Nevada State Museum Addition

Big changes are about to start taking place at the Nevada State Museum, and they’re going to be taking place right in the empty area in the middle of this photo. Right now that empty area is the plaza in between the Museum’s main building, the old U.S. Mint, and the North Annex. The bricks in the plaza are actually laid out in the shape of Nevada, with different colors for different counties, and a bronze seal representing each county seat. But all of that is going to be going away, as a new steel-and-glass structure is built on the plaza to house the museum’s entrance, gift shop, and a display area for large items. There will also be an elevator that will allow easy disabled access to both floors of the museum, as well as into the basement, where the mine walkthrough is located.

In all, it will be a pretty dramatic change to the look of the whole museum complex and the Old Mint. I haven’t seen the conceptual drawings yet, but the new section is supposed to look like a mine headframe. Hopefully it will be done tastefully and not be a big glaring eyesore on Carson Street. Sounds like we’ll have to wait 13 months to find out, as the new addition is scheduled to open late next year.

This isn’t the first time the Old Mint building has been added onto. A stone annex was built in the back of the building some time in the late 1800s. That annex was torn down in the 1970s (pictured) and replaced by the new exhibit halls that are back there today. Also the North Annex used to be a bank, and it was acquired for use by the museum only a few years ago. And the plaza joining the two buildings, where the newest addition is going to go, was a road until recently. Caroline Street used to run all the way to Carson Street, but not too long ago that short stretch was abandoned and made over into the plaza. And now it’s going to be made over again. I’ll be keeping an eye on the construction progress.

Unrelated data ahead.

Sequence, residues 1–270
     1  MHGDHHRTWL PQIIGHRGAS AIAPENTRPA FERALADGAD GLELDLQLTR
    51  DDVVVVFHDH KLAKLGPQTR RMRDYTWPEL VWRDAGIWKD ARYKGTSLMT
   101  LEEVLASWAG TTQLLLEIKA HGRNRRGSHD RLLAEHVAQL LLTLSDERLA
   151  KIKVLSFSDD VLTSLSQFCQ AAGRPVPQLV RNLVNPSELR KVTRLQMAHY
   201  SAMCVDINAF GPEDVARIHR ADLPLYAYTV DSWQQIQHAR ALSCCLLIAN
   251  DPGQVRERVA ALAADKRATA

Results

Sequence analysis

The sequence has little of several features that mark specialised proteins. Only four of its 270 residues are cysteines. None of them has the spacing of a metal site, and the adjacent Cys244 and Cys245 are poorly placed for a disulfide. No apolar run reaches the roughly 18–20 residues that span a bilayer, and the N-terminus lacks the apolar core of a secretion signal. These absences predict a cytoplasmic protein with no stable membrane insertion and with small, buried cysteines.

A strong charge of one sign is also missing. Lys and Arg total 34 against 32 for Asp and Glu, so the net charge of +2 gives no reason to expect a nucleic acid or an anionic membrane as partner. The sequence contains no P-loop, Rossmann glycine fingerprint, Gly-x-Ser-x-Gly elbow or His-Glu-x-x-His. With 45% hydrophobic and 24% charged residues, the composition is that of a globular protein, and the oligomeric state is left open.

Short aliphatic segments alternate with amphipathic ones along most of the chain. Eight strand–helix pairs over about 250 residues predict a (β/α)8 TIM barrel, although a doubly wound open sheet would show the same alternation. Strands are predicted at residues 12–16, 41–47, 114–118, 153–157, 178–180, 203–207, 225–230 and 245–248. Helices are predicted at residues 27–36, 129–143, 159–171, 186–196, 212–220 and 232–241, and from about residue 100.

1. They do this quite frequently in Europe (though I couldn’t google a good example for you).

    The result can be a bit jarring, especially for those who have known the original building for decades, even centuries. But the lightness of the glass fascade usually lets the original architecture dominate.

    Gutting historic buildings can be very expensive and that still doesn’t add valuable square footage. Glass-based annexes and add-ons are a good alternative.

  2. Scott, you mention that Caroline Street ran all the way to Carson Street. I have a map from 1907 that shows a set of railroad tracks running most of the length of Caroline Street, in addition to the well known tracks also running east/west a block north on Washington. It would be interesting to see if any railroad artifacts get uncovered while the museum addition is being built. – David

  3. Indeed. The tracks on Caroline, as I understand it, carried freight traffic, while Washington Street was for passenger trains. The two lines merged just a little ways west of the Governor’s mansion. In fact, if you look at an aerial photo, you can see that all the backyards northwest of the Mansion follow a diagonal line from Caroline up to Washington. That line is the old right-of-way.

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